Low-GWP Mechanical Modules for Rapid Deployment Project (LG-MM)


Association for Energy Affordability


Emeryville, CA

Recipient Location


Senate District


Assembly District



Amount Spent



Project Status

Project Update

The project is on track and progressing as expected. Much of the initial project focus was on design-related activities, brainstorming, and developing a partnership with SystemAir, the manufacturer of the basis of design unit. Since then, the Team completed prototype Lab Testing, demonstration site and M&V planning, and saw through product fabrication and manufacturing as well as additional equipment sourcing for demonstration

The Issue

To reach California's building decarbonization goal, there is a strong need for innovative HVAC solutions in the retrofit market. Neither the CA market, nor the US market, currently have a fully packaged mechanical pod system that integrates space heating, cooling, domestic hot water, and ventilation with heat recovery. Although many overseas manufacturers produce combined systems that require less space, improved quality, and reduced renovation time, they are not exported to the U.S.A The demonstration and design modification of the overseas products can help the adoption of these solutions. and become commercially available.

Project Innovation

The project develops a pre-fabricated central mechanical system module for retrofit applications. The mechanical module will include heating, ventilation and air conditioning (HVAC), domestic hot water, and real time energy use monitoring, control and feedback for multifamily buildings. The compact, lightweight, package will be designed to be mass produced offsite and installed quickly. All demonstration sites will be located in disadvantaged or low income communities. This agreement continues on research initiated in the EPC 17-040 grant, which identified a market gap for packaged mechanical systems in CA. The prototypes will re-tool and re-design commercially available equipment available in Sweden to accommodate the refrigerant to R32. The team will also replace the 40 gallon DHW storage tank 7 kWh of phase change material thermal energy storage which is expected to provide an equivalent volume of domestic hot water, but will occupy substantially less space than the existing tank.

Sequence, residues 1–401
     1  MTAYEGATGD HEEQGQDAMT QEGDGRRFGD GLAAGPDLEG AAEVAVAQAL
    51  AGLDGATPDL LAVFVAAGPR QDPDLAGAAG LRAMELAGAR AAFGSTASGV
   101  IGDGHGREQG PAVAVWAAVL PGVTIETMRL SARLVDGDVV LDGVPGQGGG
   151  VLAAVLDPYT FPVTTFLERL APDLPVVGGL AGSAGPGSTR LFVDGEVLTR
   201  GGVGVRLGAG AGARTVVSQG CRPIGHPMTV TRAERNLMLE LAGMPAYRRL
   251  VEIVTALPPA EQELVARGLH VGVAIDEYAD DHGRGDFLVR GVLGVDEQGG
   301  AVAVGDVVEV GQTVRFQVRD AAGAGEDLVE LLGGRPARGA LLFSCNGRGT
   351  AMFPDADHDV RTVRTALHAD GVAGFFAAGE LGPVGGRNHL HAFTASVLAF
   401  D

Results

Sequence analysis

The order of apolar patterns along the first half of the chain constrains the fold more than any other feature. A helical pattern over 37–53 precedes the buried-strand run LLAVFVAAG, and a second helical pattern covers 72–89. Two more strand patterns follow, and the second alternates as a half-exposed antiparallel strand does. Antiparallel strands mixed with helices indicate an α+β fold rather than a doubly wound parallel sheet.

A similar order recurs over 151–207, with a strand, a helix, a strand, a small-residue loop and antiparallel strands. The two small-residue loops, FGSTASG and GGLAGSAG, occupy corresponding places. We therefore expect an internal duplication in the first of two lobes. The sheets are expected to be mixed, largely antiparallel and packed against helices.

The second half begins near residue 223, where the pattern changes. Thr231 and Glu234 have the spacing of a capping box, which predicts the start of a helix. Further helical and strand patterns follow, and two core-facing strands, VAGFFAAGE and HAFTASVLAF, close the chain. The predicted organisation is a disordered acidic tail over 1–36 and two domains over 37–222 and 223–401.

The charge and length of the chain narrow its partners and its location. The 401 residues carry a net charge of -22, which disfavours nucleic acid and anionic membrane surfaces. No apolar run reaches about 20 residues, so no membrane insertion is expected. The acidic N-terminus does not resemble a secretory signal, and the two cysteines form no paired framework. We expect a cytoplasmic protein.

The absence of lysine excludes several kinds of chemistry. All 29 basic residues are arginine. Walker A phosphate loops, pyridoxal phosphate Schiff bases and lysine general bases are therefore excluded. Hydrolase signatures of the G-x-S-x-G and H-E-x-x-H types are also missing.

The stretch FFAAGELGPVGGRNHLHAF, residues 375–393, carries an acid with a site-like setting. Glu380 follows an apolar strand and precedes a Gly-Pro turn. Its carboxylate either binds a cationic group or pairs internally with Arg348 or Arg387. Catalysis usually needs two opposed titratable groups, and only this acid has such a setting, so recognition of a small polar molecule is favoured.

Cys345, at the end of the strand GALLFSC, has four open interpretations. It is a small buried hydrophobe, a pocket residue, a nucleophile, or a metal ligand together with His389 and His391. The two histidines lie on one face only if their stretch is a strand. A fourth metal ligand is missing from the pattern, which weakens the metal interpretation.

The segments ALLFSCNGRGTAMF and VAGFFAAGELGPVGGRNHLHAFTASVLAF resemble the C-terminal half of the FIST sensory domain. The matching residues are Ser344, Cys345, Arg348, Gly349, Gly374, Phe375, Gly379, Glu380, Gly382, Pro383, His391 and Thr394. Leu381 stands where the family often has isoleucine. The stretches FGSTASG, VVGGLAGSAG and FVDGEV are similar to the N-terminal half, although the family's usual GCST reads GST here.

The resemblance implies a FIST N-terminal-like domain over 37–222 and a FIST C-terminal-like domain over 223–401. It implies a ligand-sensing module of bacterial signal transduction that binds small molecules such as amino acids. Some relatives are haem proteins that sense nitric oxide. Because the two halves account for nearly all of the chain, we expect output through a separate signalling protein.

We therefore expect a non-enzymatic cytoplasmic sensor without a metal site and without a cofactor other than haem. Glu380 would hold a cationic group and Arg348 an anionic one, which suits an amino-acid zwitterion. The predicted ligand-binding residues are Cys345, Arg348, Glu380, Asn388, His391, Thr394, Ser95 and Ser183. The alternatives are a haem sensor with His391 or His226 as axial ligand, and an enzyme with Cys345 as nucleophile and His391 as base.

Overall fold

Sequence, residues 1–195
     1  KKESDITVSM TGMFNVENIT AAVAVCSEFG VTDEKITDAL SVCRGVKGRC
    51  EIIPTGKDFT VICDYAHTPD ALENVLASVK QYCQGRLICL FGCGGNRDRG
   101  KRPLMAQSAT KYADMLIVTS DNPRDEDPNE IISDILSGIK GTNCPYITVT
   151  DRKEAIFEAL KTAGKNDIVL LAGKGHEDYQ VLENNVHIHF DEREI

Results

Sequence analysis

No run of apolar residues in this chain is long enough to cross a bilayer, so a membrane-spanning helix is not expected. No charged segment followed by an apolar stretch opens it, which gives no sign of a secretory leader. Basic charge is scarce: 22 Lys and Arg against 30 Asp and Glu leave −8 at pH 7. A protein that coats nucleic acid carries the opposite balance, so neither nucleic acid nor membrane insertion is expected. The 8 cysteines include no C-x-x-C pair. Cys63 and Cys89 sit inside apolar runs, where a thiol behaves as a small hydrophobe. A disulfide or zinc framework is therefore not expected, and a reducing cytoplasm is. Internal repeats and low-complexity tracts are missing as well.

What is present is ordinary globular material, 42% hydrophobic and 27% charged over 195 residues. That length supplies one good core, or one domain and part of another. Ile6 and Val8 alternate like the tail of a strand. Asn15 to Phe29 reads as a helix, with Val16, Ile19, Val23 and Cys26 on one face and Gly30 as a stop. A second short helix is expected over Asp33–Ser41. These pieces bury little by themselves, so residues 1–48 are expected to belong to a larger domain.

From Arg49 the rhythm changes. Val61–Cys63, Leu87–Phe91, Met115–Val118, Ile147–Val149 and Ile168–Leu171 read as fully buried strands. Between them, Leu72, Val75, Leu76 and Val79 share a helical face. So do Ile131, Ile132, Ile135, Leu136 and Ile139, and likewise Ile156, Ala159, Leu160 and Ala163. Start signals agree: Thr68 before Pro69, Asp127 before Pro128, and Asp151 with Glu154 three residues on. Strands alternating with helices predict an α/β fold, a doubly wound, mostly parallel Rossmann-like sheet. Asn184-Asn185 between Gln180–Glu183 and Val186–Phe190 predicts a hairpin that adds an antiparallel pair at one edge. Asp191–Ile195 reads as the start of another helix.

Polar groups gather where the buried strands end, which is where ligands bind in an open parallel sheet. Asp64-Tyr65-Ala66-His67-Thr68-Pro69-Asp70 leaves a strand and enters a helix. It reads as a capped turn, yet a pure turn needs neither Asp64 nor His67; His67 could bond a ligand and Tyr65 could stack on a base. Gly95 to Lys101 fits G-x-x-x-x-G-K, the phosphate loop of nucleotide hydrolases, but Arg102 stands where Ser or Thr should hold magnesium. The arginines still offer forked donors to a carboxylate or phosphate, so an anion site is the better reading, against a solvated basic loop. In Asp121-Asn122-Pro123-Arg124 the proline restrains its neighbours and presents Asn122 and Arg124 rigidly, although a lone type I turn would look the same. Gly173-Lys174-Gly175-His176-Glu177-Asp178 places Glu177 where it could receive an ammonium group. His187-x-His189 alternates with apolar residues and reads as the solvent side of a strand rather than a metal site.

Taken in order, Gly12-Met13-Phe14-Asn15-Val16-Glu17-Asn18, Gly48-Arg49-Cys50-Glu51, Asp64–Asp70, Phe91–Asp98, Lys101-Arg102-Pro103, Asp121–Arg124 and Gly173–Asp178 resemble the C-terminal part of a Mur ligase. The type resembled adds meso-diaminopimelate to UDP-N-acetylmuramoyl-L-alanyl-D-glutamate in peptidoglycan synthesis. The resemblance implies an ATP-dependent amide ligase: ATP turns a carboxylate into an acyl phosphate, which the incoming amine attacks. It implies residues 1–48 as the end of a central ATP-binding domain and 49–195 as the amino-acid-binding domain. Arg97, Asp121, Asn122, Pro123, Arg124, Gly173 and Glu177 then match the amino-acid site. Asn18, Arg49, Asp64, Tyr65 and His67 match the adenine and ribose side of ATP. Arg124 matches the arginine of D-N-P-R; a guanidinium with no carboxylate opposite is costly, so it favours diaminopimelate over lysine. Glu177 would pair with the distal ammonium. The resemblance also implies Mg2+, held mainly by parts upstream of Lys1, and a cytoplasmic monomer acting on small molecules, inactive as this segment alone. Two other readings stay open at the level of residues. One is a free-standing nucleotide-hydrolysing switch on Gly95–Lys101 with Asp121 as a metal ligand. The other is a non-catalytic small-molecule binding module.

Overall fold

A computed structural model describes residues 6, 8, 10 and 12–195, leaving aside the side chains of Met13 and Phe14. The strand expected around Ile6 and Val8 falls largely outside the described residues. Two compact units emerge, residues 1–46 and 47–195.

Project Benefits

The project develops low GWP mechanical module prototypes, optimized for the most common multifamily building types in California. The system will show at a proof-of-concept level that these combined systems are well suited for the California market. This will serve as an example to American manufacturers, potential fabricators, and technology startups for the retrofit industry.

Lower Costs


The annual energy savings are estimated to reduce utility bills by $80-$155 per year per apartment. If all 6 million single family homes with natural gas space and water heating and 1.6 million apartments with natural gas space and water heating installed a system, it could result in an estimated $600 million or more savings in customer utility bill savings per year.

Increase Safety


The conversion from natural gas to electric will reduce gas piping and infrastructure which could result in improved safety,as well as reduced risk of indoor air quality hazards.

Key Project Members

Project Member

Andrew Brooks



Lawrence Berkeley National Laboratory

Lawrence Berkeley National Laboratory


Emanant Systems, LLC


Contact the Team